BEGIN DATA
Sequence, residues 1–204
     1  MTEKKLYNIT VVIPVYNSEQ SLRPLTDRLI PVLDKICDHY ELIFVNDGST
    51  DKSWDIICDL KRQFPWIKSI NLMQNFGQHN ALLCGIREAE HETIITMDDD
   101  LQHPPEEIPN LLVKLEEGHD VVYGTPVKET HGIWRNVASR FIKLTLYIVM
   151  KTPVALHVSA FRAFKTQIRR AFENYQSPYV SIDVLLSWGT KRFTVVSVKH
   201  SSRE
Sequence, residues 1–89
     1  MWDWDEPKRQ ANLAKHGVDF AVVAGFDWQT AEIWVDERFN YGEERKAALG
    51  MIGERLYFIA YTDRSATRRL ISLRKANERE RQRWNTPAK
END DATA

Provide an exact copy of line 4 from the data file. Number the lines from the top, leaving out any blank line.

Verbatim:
   101  LQHPPEEIPN LLVKLEEGHD VVYGTPVKET HGIWRNVASR FIKLTLYIVM